As she grows in knowledge and power, she starts to uncover the depths of Spire secrets. Kirit begins to doubt her world and its unassailable Laws, setting in motion a chain of events that will lead to a haunting choice, and may well change the city forever-if it isn’t destroyed outright.

Thoughts: I initially read this book some years ago, but didn’t get around to reviewing it then. I can’t even remember way. It wasn’t because I didn’t enjoy it; far from it, I thought Updraft was as good then as I did upon rereading it this time. I thought it was high time I refreshed my memory of the book and finally wrote the review that has been so long in coming.

Kirit lives in a world high above the cloud, an expansive city made from towers of living bone. People fly between towers using wings of bone and silk, or send messenger birds, or build bridges made from the sinew of invisible monsters known as skymouths. Kirit is of an age to pass her wingtest, which would give her license to fly as far from her home tower as she needs to, at which point she expects that she will apprentice with her mother and learn the trade of, well, a trader. However, she inadvertently breaks Laws that hold her society together, revealing that she has some uncommon abilities at her disposal, and catching the attention of the Spire, where the city’s Singers live. Singers maintain laws, they maintain ritual, they maintain tradition, and they keep the city safe from skymouths, among other things. Kirit must decide whether to give in to the Spire’s demands for her, or to play along for a while and potentially uncover some of the biggest secrets her home city has been hiding for generations.

Updraft is told entirely from Kirit’s perspective, with no perspective shifts or third-person moments to provide the reader with more information than Kirit herself has. What she discovers, we discover, and it makes the story’s pacing and tension solid throughout. Her journey from “character who thinks she knows more than others give her credit for” to “character who learns she had no idea about half of what was going on behind the scenes” was an interesting one to follow. Honestly, I’m usually not that fond of the, “I know more than you think” characters, because I feel like they often exist mostly to demonstrate how little they actually know, but in this case, it was done well enough and with an interesting enough world that a lot of my complaints about the archetype are overshadowed by just how into Kirit’s journey I found myself.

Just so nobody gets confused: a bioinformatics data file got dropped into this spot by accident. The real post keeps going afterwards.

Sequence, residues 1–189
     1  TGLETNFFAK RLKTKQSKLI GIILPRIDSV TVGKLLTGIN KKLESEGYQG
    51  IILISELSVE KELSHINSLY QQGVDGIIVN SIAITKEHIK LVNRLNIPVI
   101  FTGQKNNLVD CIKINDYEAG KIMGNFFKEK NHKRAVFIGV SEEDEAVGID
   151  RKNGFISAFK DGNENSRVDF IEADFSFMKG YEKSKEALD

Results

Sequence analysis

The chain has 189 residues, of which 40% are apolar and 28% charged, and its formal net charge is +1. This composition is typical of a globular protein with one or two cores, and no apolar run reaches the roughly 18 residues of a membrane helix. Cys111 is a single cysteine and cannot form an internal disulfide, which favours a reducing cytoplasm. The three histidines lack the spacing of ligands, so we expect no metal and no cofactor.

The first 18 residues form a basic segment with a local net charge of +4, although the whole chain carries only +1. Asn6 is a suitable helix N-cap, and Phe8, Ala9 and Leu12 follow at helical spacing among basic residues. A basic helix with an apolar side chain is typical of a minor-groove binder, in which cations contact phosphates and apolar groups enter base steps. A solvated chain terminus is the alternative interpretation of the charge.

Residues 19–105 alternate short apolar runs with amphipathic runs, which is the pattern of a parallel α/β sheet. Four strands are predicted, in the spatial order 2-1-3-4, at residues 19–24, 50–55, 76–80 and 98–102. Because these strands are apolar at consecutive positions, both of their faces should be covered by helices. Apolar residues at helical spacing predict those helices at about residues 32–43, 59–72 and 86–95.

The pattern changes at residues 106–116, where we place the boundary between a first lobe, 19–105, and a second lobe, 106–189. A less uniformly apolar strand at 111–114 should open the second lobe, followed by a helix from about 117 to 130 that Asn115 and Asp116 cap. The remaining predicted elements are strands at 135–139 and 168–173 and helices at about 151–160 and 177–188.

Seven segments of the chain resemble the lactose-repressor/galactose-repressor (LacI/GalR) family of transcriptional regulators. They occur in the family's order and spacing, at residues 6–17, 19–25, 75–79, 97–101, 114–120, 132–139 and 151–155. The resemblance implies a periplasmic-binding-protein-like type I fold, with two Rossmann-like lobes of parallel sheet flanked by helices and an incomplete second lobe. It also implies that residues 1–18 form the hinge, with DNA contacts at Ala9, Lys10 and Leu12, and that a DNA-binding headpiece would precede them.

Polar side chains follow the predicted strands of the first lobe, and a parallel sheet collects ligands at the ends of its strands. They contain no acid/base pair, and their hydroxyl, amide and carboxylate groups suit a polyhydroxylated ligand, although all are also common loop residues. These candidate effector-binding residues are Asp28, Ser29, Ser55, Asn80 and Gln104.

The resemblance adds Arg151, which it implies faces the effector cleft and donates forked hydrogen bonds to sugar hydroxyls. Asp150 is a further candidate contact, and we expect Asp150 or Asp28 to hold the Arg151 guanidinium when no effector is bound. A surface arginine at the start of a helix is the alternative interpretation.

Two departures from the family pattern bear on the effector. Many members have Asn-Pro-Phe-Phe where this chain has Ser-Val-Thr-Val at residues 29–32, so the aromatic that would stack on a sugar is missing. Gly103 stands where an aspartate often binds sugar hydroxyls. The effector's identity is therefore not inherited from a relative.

It still intrigues me to think that the world Kirit grew up in is basically null and voice below the cloudline. The bone towers that her people live in rise high, and below the clouds lies danger and death, so who would go there? The bone towers feels so novel, especially since the bone is still living, still growing, that I can’t help but be curious about where they come from. What a massive creature the world itself must be, to have such bones. I know there’s a sequel to Updraft, though I haven’t yet read it, and I hope that a little more information is given there. Though if it isn’t, I won’t be too disappointed, since not every mystery is one for characters to solve. People live in bone towers. That’s what we need to know, so that’s what we’re going to be told. Where the bone comes from might not be essential to the story.

Doesn’t stop me from being curious, though.